On Yucatán Peninsula, slash and burn endangering forests

HICHIMILA, Yuc. – Since time immemorial, the Maya have inhabited the northern lowlands of what is now the state of Yucatán, a sun-drenched place where pre-Hispanic wooden shacks and dirt roads serve as a reminder of how little life has changed.

The local ecosystem, however, has changed considerably, and not much for the better. The dry tropical woodland has suffered widespread deforestation due to ranching and slash and burn, a nomadic farming practice the Maya have used for ages to sustain their families. Thousands of trees have been burned down to clear the way for cornfields or sacrificed for firewood and building material, threatening to irreversibly alter the area’s unique biodiversity.

In a painful irony, as slash-and-burn agriculture has intensified under pressure from the growing farming community, the resulting erosion and desertification have reduced crop yields. Now hundreds of hectares have been reduced to wasteland.

Photos special to the News/Diodora Bucur

Photos special to the News/Diodora Bucur

Three decades ago, forests accounted for 74 percent of Yucatán’s territory, or 3.2 million hectares, a number that dropped to 52 percent, or 2.2 million hectares by 2000, according to figures from the Yucatán Urban Development and Environment Secretariat. The state lost more than one million hectares of forestland between 1976 and 2000. Meanwhile, agricultural projects gained ground, increasing from 900,000 hectares to 1.8 million hectares over the same period of time.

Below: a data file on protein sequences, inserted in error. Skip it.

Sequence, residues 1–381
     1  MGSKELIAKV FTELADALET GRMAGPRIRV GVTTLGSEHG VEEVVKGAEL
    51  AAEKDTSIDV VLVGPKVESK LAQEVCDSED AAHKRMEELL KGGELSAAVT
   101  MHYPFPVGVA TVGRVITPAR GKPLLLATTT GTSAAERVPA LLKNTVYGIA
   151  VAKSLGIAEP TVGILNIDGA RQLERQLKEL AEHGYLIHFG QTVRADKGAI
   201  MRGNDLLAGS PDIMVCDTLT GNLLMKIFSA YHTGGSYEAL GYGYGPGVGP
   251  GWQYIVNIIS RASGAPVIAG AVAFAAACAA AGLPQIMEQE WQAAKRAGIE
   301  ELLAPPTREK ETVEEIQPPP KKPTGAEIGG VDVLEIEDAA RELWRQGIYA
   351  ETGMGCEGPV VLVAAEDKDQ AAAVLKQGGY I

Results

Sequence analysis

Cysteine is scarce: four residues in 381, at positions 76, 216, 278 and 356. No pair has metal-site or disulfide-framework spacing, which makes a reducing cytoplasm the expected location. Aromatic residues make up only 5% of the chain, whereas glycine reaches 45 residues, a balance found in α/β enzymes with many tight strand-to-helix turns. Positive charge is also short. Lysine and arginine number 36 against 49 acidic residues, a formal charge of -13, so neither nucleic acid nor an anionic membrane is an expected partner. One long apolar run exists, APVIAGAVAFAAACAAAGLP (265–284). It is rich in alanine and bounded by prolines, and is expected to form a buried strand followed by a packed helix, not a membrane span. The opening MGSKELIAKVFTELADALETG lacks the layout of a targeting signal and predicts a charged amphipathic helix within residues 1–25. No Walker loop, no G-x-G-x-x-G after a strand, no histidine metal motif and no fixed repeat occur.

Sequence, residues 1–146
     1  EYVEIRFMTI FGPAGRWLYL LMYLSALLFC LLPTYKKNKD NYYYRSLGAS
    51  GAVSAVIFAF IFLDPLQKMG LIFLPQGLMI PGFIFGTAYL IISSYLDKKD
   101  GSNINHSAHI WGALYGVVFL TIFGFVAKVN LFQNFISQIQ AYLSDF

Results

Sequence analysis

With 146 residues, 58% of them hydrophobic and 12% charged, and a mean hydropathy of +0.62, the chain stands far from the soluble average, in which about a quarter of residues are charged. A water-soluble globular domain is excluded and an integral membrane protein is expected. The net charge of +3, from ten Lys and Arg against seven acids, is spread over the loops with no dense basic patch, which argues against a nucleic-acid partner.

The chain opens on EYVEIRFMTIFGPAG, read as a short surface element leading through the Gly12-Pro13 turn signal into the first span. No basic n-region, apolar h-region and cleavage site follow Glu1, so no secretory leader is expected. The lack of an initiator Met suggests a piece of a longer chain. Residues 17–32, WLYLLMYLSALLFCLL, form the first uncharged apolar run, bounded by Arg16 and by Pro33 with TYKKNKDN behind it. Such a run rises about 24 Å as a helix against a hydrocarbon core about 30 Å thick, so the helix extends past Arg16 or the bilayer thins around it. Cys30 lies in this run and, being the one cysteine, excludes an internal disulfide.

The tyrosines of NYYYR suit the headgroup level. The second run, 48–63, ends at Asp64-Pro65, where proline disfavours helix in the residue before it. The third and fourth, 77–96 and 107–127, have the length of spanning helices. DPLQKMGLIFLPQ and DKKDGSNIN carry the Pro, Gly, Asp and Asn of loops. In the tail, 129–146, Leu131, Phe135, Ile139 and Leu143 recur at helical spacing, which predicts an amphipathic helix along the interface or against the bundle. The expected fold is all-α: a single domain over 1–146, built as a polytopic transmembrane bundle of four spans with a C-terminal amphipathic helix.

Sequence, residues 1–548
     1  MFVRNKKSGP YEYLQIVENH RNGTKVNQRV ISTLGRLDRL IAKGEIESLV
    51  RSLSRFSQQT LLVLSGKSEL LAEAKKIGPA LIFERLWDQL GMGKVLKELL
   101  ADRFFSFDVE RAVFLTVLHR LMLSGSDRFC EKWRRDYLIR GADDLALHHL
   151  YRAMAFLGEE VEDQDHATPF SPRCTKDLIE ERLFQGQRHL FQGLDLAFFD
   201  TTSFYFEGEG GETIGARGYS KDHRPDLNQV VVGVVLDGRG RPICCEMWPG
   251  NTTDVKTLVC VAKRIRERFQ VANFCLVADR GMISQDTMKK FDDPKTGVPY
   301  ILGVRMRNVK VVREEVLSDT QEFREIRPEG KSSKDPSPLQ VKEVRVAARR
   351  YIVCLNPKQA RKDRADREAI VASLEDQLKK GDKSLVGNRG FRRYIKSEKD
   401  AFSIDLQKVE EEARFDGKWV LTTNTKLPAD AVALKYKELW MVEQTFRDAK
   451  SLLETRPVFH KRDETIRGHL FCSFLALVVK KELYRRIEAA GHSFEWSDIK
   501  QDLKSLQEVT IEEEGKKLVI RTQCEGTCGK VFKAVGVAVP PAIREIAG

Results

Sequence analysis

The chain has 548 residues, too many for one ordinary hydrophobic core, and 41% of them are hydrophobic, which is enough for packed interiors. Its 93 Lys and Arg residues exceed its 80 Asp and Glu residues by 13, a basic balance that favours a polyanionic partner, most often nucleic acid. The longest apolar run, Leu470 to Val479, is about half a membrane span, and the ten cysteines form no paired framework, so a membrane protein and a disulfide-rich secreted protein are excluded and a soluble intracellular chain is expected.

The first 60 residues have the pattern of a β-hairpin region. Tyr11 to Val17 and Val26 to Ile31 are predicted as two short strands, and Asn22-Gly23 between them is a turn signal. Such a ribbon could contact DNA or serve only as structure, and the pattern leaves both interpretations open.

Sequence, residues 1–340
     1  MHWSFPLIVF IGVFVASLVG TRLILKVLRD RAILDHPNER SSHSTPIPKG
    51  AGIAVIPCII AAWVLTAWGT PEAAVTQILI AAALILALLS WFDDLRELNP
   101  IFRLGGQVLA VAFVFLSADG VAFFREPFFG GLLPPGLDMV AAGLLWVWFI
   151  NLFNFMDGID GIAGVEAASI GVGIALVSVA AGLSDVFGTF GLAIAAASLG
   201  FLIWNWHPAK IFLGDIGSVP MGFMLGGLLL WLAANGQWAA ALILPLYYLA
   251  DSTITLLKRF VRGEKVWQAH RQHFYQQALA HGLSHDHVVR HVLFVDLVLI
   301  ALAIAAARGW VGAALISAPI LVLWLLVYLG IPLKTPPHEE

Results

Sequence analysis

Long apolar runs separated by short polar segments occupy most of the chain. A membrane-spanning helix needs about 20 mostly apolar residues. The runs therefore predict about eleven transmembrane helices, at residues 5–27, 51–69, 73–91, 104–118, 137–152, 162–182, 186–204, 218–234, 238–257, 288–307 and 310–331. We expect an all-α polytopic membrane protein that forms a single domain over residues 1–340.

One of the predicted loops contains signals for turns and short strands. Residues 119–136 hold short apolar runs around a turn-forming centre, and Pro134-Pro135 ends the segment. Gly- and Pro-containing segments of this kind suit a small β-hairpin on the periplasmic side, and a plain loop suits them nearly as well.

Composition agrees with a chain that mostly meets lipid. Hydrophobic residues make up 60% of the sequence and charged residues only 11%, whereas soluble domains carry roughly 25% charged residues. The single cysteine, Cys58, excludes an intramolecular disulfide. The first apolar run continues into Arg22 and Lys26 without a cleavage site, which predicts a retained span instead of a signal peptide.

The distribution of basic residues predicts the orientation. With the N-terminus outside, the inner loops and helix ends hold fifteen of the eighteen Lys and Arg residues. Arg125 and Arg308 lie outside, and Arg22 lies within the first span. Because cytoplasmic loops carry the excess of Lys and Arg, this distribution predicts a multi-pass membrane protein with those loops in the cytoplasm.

“While slash and burn agriculture is part of the story, large government colonization projects in the 1970s and subsequent large agricultural projects, such as rice and cattle production, are a big factor in deforestation,” said Peter Klepeis, a professor of geography at Colgate University in New York who has investigated deforestation patterns in southern Mexico .

The Maya benefit from forest clearing in the short term because it provides a form of livelihood, Klepeis said. But over time, the process degrades natural resources, and that makes the Maya more vulnerable to ecological and social shocks such as hurricanes, weeds, soil fertility decline and market changes.

“Helping the Maya communities requires empowering them and expanding their range of choice for livelihood,” Klepeis said.

“In other words, part of the problem is poverty.”

Magdalena Matú Canul and her husband Agustin Kantun get by on only $100 per month. The young family lives in a modest one-room hut off the main road into the village of Chichimila, a one-hour drive from the Maya ruins of Chichén Itza.

“We learned how to use organic fertilizers to enrich the soil and grow fruit and vegetables,” said Matú Canul, a 28-year-old mother of two, while giving a tour of the garden where she grows potatoes, tomatoes, and “flor de jamaica,” or roselle, the plant used to make Mexico’s famous “agua de jamaica” drink.

Still, most farmers in this rural part of Yucatán believe that burning vegetation provides the best way of enriching the soil and controlling pests. That may be true if practiced on a small scale with enough time between burn-and-slash cycles for fields to recover, experts say. But slash and burn is generally carried out every year during the springtime dry season, resulting in soil erosion and desertification.

Italian-born Sigismundo Lucidi made his first trip to Yucatán during the month of April, when slash and burn occurs.